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|Title:||Computational modeling of the micropipette aspiration of malaria infected erythrocytes||Authors:||Jiao, G.Y.
Finite element method
Malaria infected red blood cells
|Issue Date:||2009||Citation:||Jiao, G.Y.,Tan, K.S.W.,Sow, C.H.,Dao, M.,Suresh, S.,Lim, C.T. (2009). Computational modeling of the micropipette aspiration of malaria infected erythrocytes. IFMBE Proceedings 23 : 1788-1791. ScholarBank@NUS Repository. https://doi.org/10.1007/978-3-540-92841-6_444||Abstract:||Malaria is a deadly human disease that infects more than 500 million people each year. When the human red blood cell (RBC) is infected by a malaria parasite called Plasmodium falciparum, it loses its deformability and is unable to squeeze through small capillaries to transport oxygen to the various parts of the human body. Among the various techniques that have been used to quantitatively study the mechanical properties of malaria infected RBCs, micropipette aspiration has its advantage in exerting a wide range of suction pressure on specific locations of the cell membrane. Hemispherical cap model and homogenous half-space model were also developed to calculate the elastic modulus of the aspirated cell. Here, a detailed multi-component model is developed to model the complex infected cell and to study the membrane shear elastic modulus of the infected RBCs, especially during their mid to late stages of infection and when the parasite occupies a non-negligible volume of the host cell. The results show that the membrane shear modulus of a late stage infected cell calculated by the commonly used hemispherical cap model may not be accurate due to its ignorance of the internal structural changes of the host cell.||Source Title:||IFMBE Proceedings||URI:||http://scholarbank.nus.edu.sg/handle/10635/85906||ISBN:||9783540928409||ISSN:||16800737||DOI:||10.1007/978-3-540-92841-6_444|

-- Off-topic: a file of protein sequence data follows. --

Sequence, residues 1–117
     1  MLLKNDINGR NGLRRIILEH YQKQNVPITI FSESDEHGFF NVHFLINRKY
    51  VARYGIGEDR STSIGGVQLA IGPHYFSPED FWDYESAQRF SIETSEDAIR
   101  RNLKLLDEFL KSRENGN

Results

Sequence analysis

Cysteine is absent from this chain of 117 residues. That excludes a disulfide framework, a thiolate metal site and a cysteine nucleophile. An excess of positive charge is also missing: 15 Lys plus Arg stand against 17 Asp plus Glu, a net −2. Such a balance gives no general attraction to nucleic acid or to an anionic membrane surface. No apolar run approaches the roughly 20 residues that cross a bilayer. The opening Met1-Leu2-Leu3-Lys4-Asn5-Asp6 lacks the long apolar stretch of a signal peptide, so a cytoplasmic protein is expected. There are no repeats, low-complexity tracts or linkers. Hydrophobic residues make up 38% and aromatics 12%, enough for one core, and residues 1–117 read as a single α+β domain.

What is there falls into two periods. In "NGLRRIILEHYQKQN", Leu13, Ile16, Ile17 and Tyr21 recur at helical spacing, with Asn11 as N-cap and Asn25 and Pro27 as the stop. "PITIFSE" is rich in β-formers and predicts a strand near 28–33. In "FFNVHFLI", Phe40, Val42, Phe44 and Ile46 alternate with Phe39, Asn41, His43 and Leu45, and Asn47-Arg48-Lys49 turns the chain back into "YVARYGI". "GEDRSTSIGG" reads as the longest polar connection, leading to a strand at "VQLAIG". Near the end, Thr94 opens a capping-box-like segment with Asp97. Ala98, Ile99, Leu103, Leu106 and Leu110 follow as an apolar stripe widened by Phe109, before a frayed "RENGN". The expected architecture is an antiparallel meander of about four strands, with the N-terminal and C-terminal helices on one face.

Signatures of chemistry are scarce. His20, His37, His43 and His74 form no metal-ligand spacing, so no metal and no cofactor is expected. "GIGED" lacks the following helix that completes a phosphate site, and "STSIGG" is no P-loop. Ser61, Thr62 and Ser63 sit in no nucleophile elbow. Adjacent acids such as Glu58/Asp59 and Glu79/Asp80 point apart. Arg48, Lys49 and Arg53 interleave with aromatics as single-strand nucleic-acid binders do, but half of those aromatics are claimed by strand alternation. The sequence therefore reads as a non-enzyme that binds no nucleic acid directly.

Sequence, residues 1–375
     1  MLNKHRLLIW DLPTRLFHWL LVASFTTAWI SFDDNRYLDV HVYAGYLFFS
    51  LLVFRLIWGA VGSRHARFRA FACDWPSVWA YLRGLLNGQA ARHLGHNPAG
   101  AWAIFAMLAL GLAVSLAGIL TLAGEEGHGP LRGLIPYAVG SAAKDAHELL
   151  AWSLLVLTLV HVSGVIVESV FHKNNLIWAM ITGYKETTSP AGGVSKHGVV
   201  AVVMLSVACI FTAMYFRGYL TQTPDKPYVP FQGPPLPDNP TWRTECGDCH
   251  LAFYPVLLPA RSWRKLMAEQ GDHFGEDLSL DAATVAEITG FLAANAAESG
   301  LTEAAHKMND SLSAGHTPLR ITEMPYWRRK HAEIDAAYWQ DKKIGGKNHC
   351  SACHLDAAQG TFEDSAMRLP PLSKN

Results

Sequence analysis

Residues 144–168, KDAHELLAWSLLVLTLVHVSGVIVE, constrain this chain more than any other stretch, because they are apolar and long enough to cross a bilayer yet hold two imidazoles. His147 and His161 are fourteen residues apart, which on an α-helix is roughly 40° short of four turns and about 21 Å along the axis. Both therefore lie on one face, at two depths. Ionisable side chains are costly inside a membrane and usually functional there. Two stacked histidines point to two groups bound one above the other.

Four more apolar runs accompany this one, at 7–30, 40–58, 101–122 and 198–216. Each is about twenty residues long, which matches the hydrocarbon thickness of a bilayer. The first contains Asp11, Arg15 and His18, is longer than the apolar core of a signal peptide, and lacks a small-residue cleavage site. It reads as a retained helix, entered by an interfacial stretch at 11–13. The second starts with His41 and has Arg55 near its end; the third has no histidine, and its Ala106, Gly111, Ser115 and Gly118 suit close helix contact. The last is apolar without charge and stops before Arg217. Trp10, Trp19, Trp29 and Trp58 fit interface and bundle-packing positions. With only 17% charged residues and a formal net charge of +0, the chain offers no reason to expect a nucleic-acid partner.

|Appears in Collections:||Staff Publications|
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